Types Of Lifejackets

Understanding what type of lifejacket you need is critical to your safety on the water. There isn’t a one-size-fits-all lifejacket type, you need to select the correct type for the person & the waterways in which you intend to go boating.

Under marine safety law, you are required to wear a lifejacket in the circumstances listed below. Lifejackets must be correctly fastened when worn, otherwise penalties apply.

When you need a lifejacket

The information below details the requirements for which specified lifejacket must be worn.

Types of lifejackets

Level 100 Or Greater Inflatable Lifejacket (Type 1)

Level 100 or greater lifejackets provide higher levels of buoyancy. There are two options: inflatable or non-inflatable. Inflatable lifejackets rely on CO2 for buoyancy, which means they are lighter and less cumbersome to wear than the equivalent foam lifejackets. Once inflated, these lifejackets display high-visibility colours.

Generally, adult inflatable lifejackets are rated at 150 or greater and are designed to help keep the wearer’s head face-up and above the water even if unconscious.

There are two kinds of Level 100 or greater inflatable lifejackets, those that are inflated by manual activation or those that inflate automatically when the lifejacket comes in contact with water. Level 100 or greater lifejackets are required in certain situations, for example when boating on open (ocean) waters.

The inflatable types are becoming more popular because they are comfortable to wear, but boaters must be aware of the added maintenance and service requirements that come with this style of lifejacket, and the need for detailed crew and passenger briefing on their operation.

Level 100 Or Greater Non-Inflatable Lifejacket (also Type 1)

Level 100 or greater lifejackets are generally available as non-inflatable garments with in-built foam buoyancy, including neck support.

These lifejackets must be high-visibility colour and are bulkier to wear than the inflatable equivalent. However, they do not require the additional operation and servicing of an inflatable lifejacket.

Level 50 Lifejacket (Type 2)

These are designed to support the wearer in the water, but without the neck support required to keep the wearer’s head face-up and above the water if unconscious.

They are made using high-visibility colours and in comfortable styles. They are mainly used when boating in more sheltered areas such as enclosed or inland waters.

Level 50s Lifejacket (Type 3)

These are buoyancy vests with the same overall buoyancy as a Level 50 lifejacket, however they are not required to be made in high-visibility colours. This makes them popular for use in aquatic sports such as wakeboarding and water-skiing, where style is important and assistance is on hand.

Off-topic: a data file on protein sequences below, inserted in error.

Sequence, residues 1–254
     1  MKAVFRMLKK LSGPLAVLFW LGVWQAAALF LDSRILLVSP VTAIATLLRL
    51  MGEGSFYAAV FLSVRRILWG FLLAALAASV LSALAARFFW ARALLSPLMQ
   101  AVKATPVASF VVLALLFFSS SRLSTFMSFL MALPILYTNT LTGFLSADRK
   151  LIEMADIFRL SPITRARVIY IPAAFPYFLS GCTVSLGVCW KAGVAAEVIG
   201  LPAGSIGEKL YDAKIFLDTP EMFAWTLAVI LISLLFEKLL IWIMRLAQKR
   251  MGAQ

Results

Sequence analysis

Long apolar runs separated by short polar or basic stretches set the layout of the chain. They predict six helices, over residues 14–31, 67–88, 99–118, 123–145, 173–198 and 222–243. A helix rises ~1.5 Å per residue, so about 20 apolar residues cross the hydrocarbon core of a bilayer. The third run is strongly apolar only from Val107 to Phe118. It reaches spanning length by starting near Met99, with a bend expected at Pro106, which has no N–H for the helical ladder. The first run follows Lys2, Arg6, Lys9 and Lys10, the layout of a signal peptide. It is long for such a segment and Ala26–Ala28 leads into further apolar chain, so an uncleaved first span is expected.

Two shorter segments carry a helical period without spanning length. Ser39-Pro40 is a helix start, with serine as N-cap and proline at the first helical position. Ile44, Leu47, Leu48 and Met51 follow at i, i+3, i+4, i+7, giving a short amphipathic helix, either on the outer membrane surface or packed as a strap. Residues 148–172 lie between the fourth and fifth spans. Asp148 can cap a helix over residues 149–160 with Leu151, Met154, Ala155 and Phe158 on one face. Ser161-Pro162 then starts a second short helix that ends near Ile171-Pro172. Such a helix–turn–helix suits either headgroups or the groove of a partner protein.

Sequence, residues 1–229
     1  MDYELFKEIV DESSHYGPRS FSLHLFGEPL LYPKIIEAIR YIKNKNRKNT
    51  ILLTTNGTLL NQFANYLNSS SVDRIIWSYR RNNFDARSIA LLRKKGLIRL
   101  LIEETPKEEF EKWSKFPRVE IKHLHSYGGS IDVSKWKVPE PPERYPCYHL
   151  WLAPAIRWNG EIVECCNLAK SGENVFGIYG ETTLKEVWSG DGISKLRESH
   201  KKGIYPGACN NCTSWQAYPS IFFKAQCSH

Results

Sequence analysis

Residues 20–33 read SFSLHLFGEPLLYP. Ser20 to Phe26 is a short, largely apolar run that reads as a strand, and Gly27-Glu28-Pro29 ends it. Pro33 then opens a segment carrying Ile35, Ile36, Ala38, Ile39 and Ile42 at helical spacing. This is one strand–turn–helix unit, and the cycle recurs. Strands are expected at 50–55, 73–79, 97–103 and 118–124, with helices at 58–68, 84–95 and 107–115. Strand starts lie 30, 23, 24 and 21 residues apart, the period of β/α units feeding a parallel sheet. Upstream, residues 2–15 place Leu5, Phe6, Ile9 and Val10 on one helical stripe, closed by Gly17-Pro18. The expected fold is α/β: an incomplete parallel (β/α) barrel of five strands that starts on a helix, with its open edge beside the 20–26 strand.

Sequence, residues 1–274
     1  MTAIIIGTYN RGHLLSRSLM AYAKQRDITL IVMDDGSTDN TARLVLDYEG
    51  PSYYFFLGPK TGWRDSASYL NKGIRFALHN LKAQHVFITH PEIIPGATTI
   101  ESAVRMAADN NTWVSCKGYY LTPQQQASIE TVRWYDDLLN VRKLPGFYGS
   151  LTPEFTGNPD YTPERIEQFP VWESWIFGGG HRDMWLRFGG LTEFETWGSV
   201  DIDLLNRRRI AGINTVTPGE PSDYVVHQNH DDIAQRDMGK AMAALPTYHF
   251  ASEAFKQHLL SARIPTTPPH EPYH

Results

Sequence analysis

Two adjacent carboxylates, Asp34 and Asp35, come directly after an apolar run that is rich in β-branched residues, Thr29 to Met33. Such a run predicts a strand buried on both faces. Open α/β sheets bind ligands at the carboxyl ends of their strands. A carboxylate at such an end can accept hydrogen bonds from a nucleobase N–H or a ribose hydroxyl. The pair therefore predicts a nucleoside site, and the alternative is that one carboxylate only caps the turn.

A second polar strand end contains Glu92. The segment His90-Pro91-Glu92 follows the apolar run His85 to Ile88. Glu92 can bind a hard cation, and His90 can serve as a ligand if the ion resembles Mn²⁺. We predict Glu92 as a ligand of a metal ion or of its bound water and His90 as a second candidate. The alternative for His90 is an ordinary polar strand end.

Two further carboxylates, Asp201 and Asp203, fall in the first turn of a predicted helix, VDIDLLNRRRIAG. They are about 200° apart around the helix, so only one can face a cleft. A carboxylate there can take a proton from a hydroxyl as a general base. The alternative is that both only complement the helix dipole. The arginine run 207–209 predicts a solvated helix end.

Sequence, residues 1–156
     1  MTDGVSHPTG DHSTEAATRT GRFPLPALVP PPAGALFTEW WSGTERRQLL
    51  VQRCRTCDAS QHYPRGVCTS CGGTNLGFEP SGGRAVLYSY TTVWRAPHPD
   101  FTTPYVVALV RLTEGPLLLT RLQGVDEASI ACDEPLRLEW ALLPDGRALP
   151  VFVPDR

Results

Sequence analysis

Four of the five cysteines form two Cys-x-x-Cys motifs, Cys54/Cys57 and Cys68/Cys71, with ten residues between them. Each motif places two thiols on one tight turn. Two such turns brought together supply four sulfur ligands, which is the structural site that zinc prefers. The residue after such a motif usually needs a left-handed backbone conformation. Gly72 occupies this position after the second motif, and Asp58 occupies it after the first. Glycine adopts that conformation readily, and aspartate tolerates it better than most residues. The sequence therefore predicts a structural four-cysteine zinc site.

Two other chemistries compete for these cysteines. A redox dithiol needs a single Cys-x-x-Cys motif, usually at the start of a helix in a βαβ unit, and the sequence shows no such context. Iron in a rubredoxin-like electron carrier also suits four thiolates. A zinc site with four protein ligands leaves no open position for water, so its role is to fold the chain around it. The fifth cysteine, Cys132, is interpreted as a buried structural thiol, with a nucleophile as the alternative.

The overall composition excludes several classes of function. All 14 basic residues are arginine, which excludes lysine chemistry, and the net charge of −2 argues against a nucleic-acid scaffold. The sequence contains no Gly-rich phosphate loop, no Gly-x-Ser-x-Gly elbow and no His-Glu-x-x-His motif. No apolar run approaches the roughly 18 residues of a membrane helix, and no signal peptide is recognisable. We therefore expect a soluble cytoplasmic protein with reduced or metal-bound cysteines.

When In open ocean waters… our tip in a recreational vessel is to always wear your life jacket!

For general boating, a Level 100 lifejacket is the minimum required for open ocean waters and must be worn when crossing coastal bars.

When In enclosed and smoother waters…

Any approved lifejacket (50S or greater) must be carried. In many situations, they must be worn i.e. Alpine waters, when boating alone, if you are under 12 years old etc.

When In Alpine Waters…

These are cold water areas and have the worry of cold-shock. Wear your life jacket at all times.

Examples Of Lifejackets

Level 100 non-inflatable lifejacket
Level 100 inflatable lifejacket
Level 50 non-inflatable lifejacket
Level 50S non-inflatable lifejacket

Lifejackets for children

The master of a recreational vessel or a hire and drive vessel that is underway must ensure that every person aged less than 10 years old who is on an open area of the vessel wears a lifejacket at all times. Penalties apply when lifejackets are not worn.

When choosing a lifejacket for a child, care must be taken to ensure that the garment fits the child and that small children do not slip out when they are in the water. Where possible, a child’s lifejacket that features a crotch strap is strongly recommended, as it assists to hold the child in the jacket.

Heightened Risk

You must wear a lifejacket when directed by the master of the vessel. For example, when the master considers there is a heightened risk of an incident occurring or if an incident was to occur, it might be difficult to help yourself. Examples of heightened risk include (but are not limited to): 

  • Boating in bad weather such as in a gale warning, storm warning, severe thunderstorm warning or other severe weather warnings issued by the Bureau of Meteorology
  • When a yacht does not have safety barriers, lifelines, rails, safety harnesses or jack lines in use
  • Boating with the elderly, non-swimmers and people with serious medical conditions
  • When the vessel has broken down
  • When there is a significant likelihood that the vessel may be capsized or swamped by waves, or the occupants of the vessel may fall overboard or be forced to enter the water
  • Other similar circumstances
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